The FINANCIAL — Few large international nongovernmental organizations (INGOs) have an effective means of measuring long-term impact in the social sector. Working in partnership with The Boston Consulting Group (BCG), as part of BCG’s social impact efforts, SOS Children’s Villages recently developed an innovative approach that comprehensively measures the long-term effects of its work. This new analysis provides a framework that other social-sector organizations may use.
SOS Children’s Villages, a leading INGO that provides care, education, and health services to more than 1 million children and adults, compared its benefits to society with its programs’ costs and found that an investment of €1 yielded a social return on investment (SROI) of €4 to €6. The learnings from this effort are featured in a new article, Gauging Long-Term Impact in the Social Sector: A Cutting-Edge Approach, released on February 17.
BCG’s collaboration with SOS Children’s Villages produced a highly effective means of measuring the long-term financial impact on society and the long-term nonfinancial impact on program participants and the community. The financial impact on society is gauged by the programs’ SROI. The nonfinancial impact for individual participants is based largely on interviews of former program participants to assess long-term outcomes along eight dimensions: livelihood, care, food security, shelter, education and skills, protection, physical health, and social and emotional well-being.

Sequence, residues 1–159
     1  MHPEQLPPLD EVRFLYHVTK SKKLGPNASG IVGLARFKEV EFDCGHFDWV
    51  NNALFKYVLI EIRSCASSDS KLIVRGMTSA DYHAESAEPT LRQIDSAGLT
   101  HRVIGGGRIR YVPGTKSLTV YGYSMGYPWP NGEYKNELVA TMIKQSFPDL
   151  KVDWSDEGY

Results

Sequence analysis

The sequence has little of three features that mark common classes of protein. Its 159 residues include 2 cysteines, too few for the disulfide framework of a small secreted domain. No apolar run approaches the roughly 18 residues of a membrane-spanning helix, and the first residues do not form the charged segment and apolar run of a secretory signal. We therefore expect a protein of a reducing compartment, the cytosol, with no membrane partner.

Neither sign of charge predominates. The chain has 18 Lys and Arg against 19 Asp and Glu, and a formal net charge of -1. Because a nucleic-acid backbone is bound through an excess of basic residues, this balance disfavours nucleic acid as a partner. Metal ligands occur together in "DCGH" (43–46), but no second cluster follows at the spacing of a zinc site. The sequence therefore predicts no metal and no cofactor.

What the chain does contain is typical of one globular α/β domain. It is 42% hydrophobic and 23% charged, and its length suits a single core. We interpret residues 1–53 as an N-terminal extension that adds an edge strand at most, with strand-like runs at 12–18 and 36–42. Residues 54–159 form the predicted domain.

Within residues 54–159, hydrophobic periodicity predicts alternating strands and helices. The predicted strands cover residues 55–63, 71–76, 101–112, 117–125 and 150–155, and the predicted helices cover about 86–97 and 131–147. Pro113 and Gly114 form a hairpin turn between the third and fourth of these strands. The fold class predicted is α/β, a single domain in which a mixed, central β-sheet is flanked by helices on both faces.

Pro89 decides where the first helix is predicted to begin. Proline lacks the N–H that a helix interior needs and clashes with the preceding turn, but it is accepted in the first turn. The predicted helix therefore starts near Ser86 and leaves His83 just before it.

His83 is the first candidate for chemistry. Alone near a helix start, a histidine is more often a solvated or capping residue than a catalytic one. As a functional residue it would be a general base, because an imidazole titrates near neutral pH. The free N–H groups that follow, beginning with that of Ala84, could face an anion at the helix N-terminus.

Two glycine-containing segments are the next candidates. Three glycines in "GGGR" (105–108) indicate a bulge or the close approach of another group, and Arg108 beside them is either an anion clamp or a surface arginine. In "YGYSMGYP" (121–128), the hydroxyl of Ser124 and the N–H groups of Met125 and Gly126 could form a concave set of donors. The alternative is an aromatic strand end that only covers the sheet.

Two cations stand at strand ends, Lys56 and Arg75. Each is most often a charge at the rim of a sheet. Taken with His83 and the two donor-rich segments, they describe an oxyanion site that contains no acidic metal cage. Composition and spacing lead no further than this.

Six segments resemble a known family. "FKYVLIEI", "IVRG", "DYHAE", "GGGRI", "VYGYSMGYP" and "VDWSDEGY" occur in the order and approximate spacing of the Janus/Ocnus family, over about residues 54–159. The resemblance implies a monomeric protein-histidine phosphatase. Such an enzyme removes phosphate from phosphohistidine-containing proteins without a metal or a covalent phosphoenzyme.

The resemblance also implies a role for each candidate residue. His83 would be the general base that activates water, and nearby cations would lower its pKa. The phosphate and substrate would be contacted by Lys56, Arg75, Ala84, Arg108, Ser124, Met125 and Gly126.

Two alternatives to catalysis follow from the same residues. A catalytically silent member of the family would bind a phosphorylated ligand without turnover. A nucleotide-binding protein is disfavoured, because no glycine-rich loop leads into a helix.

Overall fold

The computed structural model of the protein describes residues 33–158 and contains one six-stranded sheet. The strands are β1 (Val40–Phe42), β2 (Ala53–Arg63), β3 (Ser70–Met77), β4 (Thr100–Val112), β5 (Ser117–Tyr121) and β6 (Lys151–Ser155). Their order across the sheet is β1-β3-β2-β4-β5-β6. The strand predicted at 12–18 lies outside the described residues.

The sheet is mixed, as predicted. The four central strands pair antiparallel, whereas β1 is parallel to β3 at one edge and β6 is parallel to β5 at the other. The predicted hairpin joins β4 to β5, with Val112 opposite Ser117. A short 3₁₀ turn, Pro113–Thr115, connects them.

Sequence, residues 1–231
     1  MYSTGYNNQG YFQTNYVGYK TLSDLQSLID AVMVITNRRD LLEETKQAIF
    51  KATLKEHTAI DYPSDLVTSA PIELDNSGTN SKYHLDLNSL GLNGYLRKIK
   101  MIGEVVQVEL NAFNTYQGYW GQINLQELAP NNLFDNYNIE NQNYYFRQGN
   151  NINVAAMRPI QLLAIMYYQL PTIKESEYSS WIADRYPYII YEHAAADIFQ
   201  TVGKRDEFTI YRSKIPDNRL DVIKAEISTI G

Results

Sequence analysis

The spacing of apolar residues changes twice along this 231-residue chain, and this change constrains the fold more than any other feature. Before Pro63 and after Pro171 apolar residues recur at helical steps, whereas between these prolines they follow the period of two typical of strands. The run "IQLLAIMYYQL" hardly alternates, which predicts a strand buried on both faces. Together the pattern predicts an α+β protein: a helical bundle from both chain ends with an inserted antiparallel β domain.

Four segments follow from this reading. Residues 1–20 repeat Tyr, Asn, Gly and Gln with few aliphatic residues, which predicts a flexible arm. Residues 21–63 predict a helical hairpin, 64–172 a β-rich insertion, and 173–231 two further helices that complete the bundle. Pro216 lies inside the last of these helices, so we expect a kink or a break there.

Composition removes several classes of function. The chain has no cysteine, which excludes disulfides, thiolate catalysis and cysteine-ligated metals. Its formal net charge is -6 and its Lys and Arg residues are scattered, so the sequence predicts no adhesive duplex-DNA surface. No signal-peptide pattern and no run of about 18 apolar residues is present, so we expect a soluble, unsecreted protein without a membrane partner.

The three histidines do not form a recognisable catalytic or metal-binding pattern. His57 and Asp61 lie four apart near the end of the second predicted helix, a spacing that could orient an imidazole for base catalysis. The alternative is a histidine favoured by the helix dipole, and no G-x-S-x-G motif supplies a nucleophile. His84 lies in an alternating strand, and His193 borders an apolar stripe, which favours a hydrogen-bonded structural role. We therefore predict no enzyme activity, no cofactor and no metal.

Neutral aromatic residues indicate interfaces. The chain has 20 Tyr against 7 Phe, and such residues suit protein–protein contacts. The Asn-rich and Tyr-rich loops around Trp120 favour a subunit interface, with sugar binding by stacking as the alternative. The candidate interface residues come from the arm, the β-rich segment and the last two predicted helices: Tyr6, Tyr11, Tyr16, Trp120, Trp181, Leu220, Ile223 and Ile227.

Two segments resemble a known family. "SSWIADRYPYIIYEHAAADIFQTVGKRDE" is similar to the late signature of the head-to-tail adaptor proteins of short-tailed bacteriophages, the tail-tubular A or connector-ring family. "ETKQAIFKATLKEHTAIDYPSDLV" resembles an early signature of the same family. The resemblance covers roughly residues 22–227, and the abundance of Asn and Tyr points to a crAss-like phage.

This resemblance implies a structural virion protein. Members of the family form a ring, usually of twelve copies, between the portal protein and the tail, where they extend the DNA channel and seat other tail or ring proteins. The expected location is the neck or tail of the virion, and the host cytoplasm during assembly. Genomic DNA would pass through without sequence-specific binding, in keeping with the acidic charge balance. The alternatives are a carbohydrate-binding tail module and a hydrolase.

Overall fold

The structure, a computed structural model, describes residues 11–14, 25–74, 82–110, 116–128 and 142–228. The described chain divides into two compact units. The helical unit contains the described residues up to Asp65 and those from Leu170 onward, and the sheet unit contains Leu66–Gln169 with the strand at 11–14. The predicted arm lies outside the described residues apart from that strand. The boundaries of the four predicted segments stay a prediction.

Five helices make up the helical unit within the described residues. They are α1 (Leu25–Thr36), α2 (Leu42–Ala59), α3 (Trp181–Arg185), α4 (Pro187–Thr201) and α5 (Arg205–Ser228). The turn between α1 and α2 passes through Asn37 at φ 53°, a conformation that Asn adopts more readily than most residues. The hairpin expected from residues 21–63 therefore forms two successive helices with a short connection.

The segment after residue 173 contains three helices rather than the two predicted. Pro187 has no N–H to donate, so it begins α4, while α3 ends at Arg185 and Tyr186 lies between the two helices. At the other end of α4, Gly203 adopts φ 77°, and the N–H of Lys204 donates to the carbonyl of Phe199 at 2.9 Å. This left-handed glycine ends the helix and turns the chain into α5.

Most INGOs lack a rigorous, systematic approach to measuring the lasting effects of their work; many measure short-term indicators, such as the number of program participants, or short-term effects, such as improved grades in school. The development of this new approach enables SOS Children’s Villages to precisely quantify its programs’ long-term results.
“The evolving social-impact landscape places increasing importance on understanding the long-term results of investments,” said Alexander Baic, a Munich-based BCG principal who manages BCG’s social sector efforts in Germany and Austria. “BCG and SOS Children’s Villages have a long history of collaboration. SOS Children’s Villages creates huge value for its program participants, so it was a natural evolution of our relationship to support the organization’s determination to calculate this value and enable it and other INGOs to measure the impact of their work.”
To calculate the SROI and SOS Children’s Villages’ financial impact, the team measured factors such as former program participants’ projected lifetime incomes and found the SROI ranging from 4:1 to 6:1 in the first pilots. From a nonfinancial perspective, the first pilots found almost 90% of former participants performing well across at least six out of eight dimensions, which is notable given that SOS Children’s Villages works with the most vulnerable members of society and that one of the assessed dimensions (livelihood) depends heavily on often challenging local job markets.
“Our comprehensive approach to assessing our impact exactly reflects our understanding of our work on the ground,” said Stewart Wilms, international director of programme and strategy of SOS Children’s Villages. “It’s a holistic approach, considering all building blocks of well-being, and we are excited by the potential opportunities this unlocks across the social sector.”
Although this unique impact-assessment methodology has elements tailored specifically to SOS Children’s Villages, its core elements are broadly applicable. Both SOS Children’s Villages and BCG stand ready to share and advance this powerful lens for understanding long-term effects.